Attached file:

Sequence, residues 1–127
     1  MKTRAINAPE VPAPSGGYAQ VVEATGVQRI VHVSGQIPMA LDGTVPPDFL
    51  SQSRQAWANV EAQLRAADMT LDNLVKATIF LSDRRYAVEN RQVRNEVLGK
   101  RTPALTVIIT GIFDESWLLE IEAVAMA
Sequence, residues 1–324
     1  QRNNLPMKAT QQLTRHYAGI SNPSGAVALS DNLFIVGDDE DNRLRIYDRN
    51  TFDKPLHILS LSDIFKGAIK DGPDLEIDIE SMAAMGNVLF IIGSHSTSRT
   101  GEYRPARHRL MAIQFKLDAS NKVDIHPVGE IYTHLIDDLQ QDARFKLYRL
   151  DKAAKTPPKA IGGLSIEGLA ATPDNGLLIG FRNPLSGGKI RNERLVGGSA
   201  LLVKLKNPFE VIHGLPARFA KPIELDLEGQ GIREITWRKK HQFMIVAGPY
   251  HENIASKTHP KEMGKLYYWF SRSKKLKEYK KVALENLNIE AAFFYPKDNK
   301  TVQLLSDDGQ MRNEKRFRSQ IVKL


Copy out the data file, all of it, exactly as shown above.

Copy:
Sequence, residues 1–127
     1  MKTRAINAPE VPAPSGGYAQ VVEATGVQRI VHVSGQIPMA LDGTVPPDFL
    51  SQSRQAWANV EAQLRAADMT LDNLVKATIF LSDRRYAVEN RQVRNEVLGK
   101  RTPALTVIIT GIFDESWLLE IEAVAMA
Sequence, residues 1–324
     1  QRNNLPMKAT QQLTRHYAGI SNPSGAVALS DNLFIVGDDE DNRLRIYDRN
    51  TFDKPLHILS LSDIFKGAIK DGPDLEIDIE SMAAMGNVLF IIGSHSTSRT
   101  GEYRPARHRL MAIQFKLDAS NKVDIHPVGE IYTHLIDDLQ QDARFKLYRL
   151  DKAAKTPPKA IGGLSIEGLA ATPDNGLLIG FRNPLSGGKI RNERLVGGSA
   201  LLVKLKNPFE VIHGLPARFA KPIELDLEGQ GIREITWRKK HQFMIVAGPY
   251  HENIASKTHP KEMGKLYYWF SRSKKLKEYK KVALENLNIE AAFFYPKDNK
   301  TVQLLSDDGQ MRNEKRFRSQ IVKL